The two hotels are across the river from one another and are located in the historic Dusit District, which reflects Bangkok’s architectural and cultural period set between 1853 and 1910.  

Greenberg and Goldstein say visitors looking to enjoy excellent service in the city of Chiang Mai should book a stay at either the Four Seasons or The Dhara Dhevi. “The latter is located very close to Chiang Mai, while the Four Seasons is further out [approximately 30 minutes], set in the countryside with its own rice fields. Both are winners,” they note.

The two also suggest that “in Chiang Rai, the Four Seasons Tented Camp Golden Triangle provides unique luxury tented accommodations and a wide range of unforgettable activities. Spending time there, surrounded by Northern Thailand, Myanmar and Laos, together known as the historic Golden Triangle, offers the traveler the most memorable experience.”

The duo believes that the Amansara is a must-visit in Southeast Asia, noting that it is the number-one luxury property in Siem Reap, and one of the two “star” hotels in Cambodia along with Phnom Penh’s Raffles Hotel Le Royal.

Sofitel Legend Metropole in Hanoi

Sofitel Legend Metropole in Hanoi

“In Vietnam, our high-end travelers have enjoyed stays at Sofitel Legend Metropole in Hanoi, as well as the Park Hyatt or The Reverie in Saigon,” the two luxury travel advisors add.

Sofitel Legend Metropole is a French colonial-style hotel in the heart of Hanoi.

Sofitel Legend Metropole is a French colonial-style hotel in the heart of Hanoi.

They also suggest some culinary hotspots for travelers headed to Southeast Asia. “For an unforgettable and authentic fine-dining experience in Cambodia, there is the Dining Room at the Park Hyatt and the Amansara. Both restaurants offer a variety of traditional and authentic meals in a sophisticated atmosphere,” they say.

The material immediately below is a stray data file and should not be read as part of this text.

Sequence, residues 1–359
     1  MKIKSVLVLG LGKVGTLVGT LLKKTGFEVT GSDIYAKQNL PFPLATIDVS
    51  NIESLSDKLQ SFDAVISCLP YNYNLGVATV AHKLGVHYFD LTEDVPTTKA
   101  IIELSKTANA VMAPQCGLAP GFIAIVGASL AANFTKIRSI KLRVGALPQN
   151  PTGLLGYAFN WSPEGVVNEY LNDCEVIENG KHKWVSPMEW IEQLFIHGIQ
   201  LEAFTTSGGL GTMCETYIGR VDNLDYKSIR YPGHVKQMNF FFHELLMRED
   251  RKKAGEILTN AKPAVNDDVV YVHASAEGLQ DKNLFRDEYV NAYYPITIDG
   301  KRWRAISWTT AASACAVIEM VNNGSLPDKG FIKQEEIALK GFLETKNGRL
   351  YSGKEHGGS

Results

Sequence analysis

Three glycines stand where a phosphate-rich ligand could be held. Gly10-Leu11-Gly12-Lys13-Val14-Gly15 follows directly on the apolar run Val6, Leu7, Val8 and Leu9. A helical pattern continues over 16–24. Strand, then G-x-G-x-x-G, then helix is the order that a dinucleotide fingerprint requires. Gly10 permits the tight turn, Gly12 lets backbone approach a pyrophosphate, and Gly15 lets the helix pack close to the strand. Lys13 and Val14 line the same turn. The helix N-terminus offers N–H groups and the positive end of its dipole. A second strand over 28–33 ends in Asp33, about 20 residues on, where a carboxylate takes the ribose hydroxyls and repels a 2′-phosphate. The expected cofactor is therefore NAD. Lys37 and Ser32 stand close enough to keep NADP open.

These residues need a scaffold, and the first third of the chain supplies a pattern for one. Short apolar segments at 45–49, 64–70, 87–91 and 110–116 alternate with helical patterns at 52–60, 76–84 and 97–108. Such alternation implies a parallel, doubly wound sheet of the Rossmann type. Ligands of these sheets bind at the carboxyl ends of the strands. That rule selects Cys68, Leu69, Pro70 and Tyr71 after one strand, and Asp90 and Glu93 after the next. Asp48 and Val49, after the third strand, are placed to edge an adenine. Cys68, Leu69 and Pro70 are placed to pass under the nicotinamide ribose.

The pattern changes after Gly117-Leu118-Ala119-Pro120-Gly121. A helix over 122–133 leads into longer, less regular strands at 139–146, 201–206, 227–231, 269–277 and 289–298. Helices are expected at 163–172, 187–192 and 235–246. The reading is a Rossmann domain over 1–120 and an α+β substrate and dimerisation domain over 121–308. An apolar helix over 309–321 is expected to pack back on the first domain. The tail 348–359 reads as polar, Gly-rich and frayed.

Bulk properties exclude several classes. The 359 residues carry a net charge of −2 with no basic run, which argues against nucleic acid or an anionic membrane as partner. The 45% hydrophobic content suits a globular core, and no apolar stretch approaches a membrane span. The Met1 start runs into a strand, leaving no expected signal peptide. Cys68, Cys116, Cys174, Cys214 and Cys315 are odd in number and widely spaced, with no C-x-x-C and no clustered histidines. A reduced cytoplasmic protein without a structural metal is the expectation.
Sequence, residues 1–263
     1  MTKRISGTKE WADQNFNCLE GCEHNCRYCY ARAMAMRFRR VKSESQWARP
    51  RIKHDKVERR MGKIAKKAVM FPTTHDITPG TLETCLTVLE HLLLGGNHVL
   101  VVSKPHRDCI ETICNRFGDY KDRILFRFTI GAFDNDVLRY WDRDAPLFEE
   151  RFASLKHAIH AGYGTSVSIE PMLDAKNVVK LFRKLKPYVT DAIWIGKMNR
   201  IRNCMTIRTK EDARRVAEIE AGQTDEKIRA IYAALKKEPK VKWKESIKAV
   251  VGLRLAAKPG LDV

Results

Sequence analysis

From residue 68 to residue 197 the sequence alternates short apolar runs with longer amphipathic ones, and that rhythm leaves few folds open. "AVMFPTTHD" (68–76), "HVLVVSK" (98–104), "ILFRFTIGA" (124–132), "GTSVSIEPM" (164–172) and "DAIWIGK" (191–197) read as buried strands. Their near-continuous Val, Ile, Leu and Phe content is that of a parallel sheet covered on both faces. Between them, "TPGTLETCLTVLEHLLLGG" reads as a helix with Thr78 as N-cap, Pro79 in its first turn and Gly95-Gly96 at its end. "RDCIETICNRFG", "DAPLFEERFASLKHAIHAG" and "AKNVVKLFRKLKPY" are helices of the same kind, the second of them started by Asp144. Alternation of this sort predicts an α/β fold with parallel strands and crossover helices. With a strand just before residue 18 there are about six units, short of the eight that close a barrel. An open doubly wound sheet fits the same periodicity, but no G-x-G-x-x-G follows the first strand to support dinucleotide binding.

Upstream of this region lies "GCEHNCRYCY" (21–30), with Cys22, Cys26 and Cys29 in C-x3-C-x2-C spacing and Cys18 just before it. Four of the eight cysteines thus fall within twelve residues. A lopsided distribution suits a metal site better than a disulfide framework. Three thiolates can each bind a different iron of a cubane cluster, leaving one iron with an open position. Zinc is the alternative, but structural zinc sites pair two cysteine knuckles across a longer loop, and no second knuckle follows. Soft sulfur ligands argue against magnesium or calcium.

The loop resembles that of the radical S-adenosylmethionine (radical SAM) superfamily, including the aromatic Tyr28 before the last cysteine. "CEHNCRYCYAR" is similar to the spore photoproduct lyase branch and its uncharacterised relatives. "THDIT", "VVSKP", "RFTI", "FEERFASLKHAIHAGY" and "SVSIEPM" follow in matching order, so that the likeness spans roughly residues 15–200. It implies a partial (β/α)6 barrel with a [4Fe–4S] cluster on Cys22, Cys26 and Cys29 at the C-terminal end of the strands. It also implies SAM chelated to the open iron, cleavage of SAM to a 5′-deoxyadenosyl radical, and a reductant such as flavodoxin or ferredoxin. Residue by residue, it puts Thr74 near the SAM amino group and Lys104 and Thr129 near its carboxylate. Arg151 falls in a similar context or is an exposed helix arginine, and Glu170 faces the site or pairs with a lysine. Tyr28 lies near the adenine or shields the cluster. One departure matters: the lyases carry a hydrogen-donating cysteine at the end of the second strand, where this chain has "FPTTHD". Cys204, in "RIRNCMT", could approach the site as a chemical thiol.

For travelers to Bangkok, they recommend a stop at the Mandarin Oriental’s Le Normandie, which is known for its French cuisine.

“Over the past year, we have relied on Pacific Experience as our number-one tour operator, while also using Remote Lands, Wanna Tours and Trails of Indochina when booking travel to Southeast Asia. No matter how particular or difficult a client’s request may seem, these tour operators will be able to exceed their expectations,” Greenberg and Goldstein say.

Vikram Seshadri, a luxury travel advisor with Protravel International in Beverly Hills, recommends Indonesia as a top destination for travelers visiting Asia.

“I’m very familiar with Southeast Asia, having grown up in Indonesia and, therefore, also fluent in Bahasa Indonesia, the language of the region,” says Seshadri, who notes that the Muslim-majority nation is highly tolerant, “respects people of all faiths, [and is] therefore a great country to visit for people of all religious backgrounds and all nations. It’s also a relatively safe country to travel around.”

Travelers looking for a unique getaway in Indonesia should also check out Bali.

According to Seshadri, the destination “hasn’t changed and, in fact, many new luxury hotels have been built recently, with more in the pipeline. A brand new international airport terminal in Denpasar has made travel to and from Bali easy.”

Seshadri notes that other gateways in Indonesia are also becoming prominent, with remote regions such as Lombok, Borneo and Nihiwatu on Sumba now attracting international tourists.

He adds that last year, Indonesia instituted a visa waiver program for more than 30 countries, including the U.S., to make travel to the country easier.